What Is Additional Paid-In Capital?
Additional paid-in capital—also known as "contributed capital in excess of par"—is the excess paid by an investor over and above the par value price of a stock. Additional paid-in capital occurs when an investor buys newly issued shares directly from a company at its initial public offering (IPO). You may think of additional paid-in capital as a profit that a company receives from stockholders when the company first issues its stock.
[Important: Additional paid-in-capital is recorded at the initial public offering (IPO) only. The transactions that occur after the IPO do not increase the additional paid-in capital account.]
Additional Paid-In Capital
How Does Additional Paid-In Capital Work?
Investors may pay any amount greater than par
At its IPO a firm may ask any price for its stock and an investor may pay any amount above its par value, which generates the additional paid-in capital.
As an example, a company issues one million shares of stock with a par value of $1 per share. At the IPO, investors bid on shares for $2, $4, and $10 above the par value. The shares ultimately sell for $11, and the company makes $11 million. The additional paid-in capital is $10 million ($11 million minus the par value of $1 million). The company records on its balance sheet: $1 million as "paid-in-capital," and $10 million as "additional" paid-in capital.
And after the IPO?
Once a stock trades in the secondary market though, an investor may pay whatever the market will bear. When investors buy shares directly from the company, the company receives and keeps the funds as paid-in-capital. When investors buy shares in the open market, then the funds go to the investor who's selling them.
Understanding Additional Paid-In Capital Further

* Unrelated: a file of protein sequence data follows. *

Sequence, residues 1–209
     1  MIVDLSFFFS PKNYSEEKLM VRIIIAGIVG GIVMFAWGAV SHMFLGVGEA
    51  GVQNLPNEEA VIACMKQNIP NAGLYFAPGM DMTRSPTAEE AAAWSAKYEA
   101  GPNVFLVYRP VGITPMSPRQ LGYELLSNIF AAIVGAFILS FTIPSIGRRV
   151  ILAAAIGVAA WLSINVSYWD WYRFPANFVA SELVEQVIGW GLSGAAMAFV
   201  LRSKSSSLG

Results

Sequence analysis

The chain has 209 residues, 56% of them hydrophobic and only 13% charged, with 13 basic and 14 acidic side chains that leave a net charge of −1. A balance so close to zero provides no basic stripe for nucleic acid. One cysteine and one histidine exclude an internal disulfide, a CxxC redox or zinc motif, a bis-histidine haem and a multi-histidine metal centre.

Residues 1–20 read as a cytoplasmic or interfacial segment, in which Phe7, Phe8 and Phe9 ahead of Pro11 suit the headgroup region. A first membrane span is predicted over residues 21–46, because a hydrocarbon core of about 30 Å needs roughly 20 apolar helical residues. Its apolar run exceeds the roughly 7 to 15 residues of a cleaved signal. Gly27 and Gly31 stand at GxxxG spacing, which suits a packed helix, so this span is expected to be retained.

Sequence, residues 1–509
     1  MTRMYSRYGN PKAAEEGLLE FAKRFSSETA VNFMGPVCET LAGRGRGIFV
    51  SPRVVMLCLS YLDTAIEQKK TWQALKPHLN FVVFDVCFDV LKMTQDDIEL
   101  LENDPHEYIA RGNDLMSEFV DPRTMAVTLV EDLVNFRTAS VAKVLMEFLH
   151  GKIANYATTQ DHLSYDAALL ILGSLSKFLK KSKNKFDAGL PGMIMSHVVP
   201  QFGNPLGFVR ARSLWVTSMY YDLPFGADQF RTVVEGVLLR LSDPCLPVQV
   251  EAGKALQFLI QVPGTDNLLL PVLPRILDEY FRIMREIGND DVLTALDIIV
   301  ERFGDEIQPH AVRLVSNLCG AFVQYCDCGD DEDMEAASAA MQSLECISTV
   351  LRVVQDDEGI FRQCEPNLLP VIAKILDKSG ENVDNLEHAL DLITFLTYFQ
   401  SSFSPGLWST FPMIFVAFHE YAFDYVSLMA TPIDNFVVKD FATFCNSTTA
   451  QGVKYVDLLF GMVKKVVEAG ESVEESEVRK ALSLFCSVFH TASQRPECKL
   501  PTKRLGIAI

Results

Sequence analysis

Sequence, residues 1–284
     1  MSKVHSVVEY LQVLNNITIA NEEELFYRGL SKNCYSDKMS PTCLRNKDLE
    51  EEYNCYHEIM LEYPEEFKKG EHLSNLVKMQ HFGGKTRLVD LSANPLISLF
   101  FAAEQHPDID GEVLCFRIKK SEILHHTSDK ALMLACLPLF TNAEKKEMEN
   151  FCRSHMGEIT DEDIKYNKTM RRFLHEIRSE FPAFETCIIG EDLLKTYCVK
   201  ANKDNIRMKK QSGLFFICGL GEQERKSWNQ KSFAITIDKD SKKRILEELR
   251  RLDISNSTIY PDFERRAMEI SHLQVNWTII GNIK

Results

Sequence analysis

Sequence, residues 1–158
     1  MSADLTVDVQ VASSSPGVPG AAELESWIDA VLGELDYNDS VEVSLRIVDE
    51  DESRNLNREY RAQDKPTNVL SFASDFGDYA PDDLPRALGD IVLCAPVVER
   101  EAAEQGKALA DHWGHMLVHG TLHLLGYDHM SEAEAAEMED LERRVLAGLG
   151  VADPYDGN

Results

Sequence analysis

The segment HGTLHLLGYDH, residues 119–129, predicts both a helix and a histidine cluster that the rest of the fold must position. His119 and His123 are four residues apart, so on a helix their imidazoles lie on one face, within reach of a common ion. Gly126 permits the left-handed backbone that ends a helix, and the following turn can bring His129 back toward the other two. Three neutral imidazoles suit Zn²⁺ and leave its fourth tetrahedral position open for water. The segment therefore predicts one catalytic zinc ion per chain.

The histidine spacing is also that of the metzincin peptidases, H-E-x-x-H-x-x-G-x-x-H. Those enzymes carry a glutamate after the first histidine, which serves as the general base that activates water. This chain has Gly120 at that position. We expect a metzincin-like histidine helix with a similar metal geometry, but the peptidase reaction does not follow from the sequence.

Adds to shareholders' equity
Additional paid-in capital is an accounting term, whose amount is generally booked in the shareholders' equity (SE) section of the balance sheet.
Because additional paid-in capital represents money paid to the company above the par value of a security, it's important to understand par. Companies assign a par value to stocks at the time of their IPOs, before there is even a market for the stock. Traditionally, the issuer sets the stock's par value arbitrarily low—even as low as one cent per share—because of state laws, and to avoid any potential legal liability if the stock drops below its par value.
Market value is the actual price that a financial instrument is worth at any given time. The stock market determines the real value of a stock, which shifts continuously as shares are bought and sold throughout the trading day. Thus, investors make money on the changing value of a stock over time based on company performance and investor sentiment.
- Additional paid-in capital is the difference between the par value of a stock and the price that investors actually pay for it.
- To be "additional" paid-in capital, an investor must buy the stock directly from the company at its IPO.
- The additional paid-in capital is usually booked as shareholders' equity on the balance sheet.
Why Is Additional Paid-In Capital Important?
For common stock, paid-in-capital consists of a stock's par value and additional paid-in capital. Additional paid-in capital can provide a significant part of a company's equity capital before retained earnings start to accumulate; it is an important capital layer of defense against potential losses after retained earnings have shown a deficit. Short of any retired shares, the account balance of paid-in capital, specifically the total par value and the amount of additional paid-in capital, should remain unchanged as a company carries on its business.